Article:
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Global Stability of an Anthrax Model with Environmental Decontamination and Time Delay
Anthrax occurs worldwide and is associated with sudden death of cattle and sheep. This paper considers an epidemic model of anthrax in animal population, only. The susceptible animal is assumed to be infected, only, through ingestion of the disease causing pathogens. The proposed model incorporates time delay and environmental decontamination by humans. The time delay represents the period an infected animal needs to succumb to anthrax-related death. By constructing suitable Lyapunov functionals, we demonstrate that the global dynamics of this model fully hinges on whether the associated reproductive number is greater or less than unity. The effectiveness of environmental decontamination on eradication of anthrax in the community is explored through the reproductive number.
Anthrax is an acute zoonotic disease caused by the spore-forming bacterium Bacillus anthracis . The disease can infect all warm-blooded animals, including humans. However, ruminants, particularly cattle and sheep, are more susceptible . The disease is associated with death of cattle and sheep, such that very few livestock producers or veterinaries have witnessed the disease or its signs . Outbreaks often occur when livestock are grazing on neutral or slightly alkaline soils and have been exposed to the spores through ingestion of contaminated soil in endemic areas or forage is sparse because of overgrazing or drought or when soil has been disturbed by digging or other human activities . Anthrax is one of the most dramatic diseases affecting wild animal in Africa. For instance, within Etosha National Park, anthrax has been attributed to the death of a variety of herbivores, from elephants to ostriches .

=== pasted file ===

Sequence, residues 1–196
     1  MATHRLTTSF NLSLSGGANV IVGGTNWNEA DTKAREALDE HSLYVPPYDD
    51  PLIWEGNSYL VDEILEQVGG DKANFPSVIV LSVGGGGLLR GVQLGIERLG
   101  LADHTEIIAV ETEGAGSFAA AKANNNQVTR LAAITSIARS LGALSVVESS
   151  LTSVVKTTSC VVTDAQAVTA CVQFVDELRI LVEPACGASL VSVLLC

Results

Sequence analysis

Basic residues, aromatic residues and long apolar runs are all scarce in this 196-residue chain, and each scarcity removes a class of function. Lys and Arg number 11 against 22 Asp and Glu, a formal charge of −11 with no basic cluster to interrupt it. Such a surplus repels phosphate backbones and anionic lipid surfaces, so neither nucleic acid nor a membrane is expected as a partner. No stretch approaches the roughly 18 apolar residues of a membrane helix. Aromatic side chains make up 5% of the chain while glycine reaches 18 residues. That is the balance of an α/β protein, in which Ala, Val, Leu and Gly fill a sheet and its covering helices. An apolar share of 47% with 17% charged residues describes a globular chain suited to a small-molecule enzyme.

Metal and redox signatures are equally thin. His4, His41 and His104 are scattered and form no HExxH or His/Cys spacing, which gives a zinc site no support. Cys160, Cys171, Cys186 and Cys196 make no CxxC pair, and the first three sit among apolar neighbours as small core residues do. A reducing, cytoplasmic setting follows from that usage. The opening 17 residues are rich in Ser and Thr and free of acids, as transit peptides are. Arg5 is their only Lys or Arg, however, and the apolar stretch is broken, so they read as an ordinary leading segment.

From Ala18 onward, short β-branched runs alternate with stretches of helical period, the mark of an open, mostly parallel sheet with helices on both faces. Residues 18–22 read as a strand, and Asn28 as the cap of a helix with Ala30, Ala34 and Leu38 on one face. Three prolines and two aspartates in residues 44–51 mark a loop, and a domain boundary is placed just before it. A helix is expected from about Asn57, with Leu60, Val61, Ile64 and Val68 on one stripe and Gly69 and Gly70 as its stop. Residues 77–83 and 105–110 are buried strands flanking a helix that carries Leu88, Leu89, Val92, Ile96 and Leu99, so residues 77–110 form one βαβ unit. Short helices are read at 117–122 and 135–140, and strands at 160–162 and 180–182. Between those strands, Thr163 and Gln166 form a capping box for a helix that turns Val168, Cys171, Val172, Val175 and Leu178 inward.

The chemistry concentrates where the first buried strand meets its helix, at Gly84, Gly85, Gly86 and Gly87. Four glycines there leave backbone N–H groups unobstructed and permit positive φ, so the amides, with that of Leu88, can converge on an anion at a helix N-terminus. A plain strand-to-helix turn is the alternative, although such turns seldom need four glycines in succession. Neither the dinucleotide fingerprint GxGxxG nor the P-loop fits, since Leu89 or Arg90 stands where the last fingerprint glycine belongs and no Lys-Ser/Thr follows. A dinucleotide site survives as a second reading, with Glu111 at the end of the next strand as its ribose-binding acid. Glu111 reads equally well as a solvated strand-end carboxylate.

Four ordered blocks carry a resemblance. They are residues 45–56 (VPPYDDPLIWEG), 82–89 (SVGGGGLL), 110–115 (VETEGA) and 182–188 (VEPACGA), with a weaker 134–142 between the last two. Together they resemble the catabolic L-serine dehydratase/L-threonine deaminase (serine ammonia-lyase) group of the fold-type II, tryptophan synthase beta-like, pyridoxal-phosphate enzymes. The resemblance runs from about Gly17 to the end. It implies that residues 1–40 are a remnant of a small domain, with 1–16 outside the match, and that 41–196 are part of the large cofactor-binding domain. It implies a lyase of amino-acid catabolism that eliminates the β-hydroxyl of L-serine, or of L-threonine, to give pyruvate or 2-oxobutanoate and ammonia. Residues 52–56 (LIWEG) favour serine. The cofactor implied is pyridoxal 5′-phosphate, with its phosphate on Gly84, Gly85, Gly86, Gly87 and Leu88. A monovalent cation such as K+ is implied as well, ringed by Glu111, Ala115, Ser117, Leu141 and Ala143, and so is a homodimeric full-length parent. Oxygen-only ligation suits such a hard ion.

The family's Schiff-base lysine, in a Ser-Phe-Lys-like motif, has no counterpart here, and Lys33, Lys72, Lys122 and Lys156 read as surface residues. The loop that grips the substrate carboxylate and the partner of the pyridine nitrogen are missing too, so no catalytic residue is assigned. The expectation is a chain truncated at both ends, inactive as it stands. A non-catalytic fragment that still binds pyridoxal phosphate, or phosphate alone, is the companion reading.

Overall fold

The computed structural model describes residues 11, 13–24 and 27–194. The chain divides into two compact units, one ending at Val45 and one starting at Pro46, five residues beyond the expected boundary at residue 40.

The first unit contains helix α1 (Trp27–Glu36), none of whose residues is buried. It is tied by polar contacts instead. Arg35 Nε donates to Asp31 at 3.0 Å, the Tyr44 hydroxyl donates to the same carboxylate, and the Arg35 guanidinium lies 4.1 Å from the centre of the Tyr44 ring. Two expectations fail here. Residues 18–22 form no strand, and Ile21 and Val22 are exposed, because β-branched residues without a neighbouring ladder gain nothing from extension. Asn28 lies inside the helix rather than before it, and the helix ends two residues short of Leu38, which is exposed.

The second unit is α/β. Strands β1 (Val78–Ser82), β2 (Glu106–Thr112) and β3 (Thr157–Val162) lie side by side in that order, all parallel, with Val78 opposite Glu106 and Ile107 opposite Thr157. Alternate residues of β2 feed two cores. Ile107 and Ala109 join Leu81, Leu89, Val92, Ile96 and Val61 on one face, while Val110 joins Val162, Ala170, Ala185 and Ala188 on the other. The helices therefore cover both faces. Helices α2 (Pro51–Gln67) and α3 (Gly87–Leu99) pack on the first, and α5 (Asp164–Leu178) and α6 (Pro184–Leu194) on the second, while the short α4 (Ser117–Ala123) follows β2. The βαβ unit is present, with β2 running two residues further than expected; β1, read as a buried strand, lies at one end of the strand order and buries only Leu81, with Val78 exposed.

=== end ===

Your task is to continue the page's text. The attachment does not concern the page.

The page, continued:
The use of mathematical models to explore the spread and control of infectious diseases has proved to be an important tool for the scientists and epidemiologists. In 1983, Hahn and Furniss  constructed a deterministic model to explore the impact of environmental contamination and animal carcasses on driving anthrax epidemic. Within their framework they assumed that upon infection infected animals die immediately and there are no births or deaths from causes other than anthrax related . More, recently, Friedman and Yakubu  extended the model of Hahn and Furniss  to study the effects of anthrax transmission, carcass ingestion, carcass induced environmental contamination, and migration rates on the persistence or extinction of animal population. Their work revealed among others that decreasing the levels of carcass ingestion by removal of carcasses in game reserves may not always lead to a reduction in anthrax cases.
Although anthrax infection in cattle is regarded often as a fatal disease with no signs , biologically the infection should take a period before an infected animal succumbs to anthrax-induced mortality, and this period may play an important role in controlling anthrax outbreaks. So incorporating this reason we extend the work of Hahn and Furniss  to include a fixed delay. Apart from the delay, our new model incorporates the role of human effort on decontamination of the environment through the destruction of animal carcass and disinfection of the ground or area that contained the carcass by adding lime. The main goal of this paper is to explore the effectiveness of environmental decontamination on controlling anthrax outbreaks and to study the global stability of the anthrax model with time delay.
2. Model Formulation and Analysis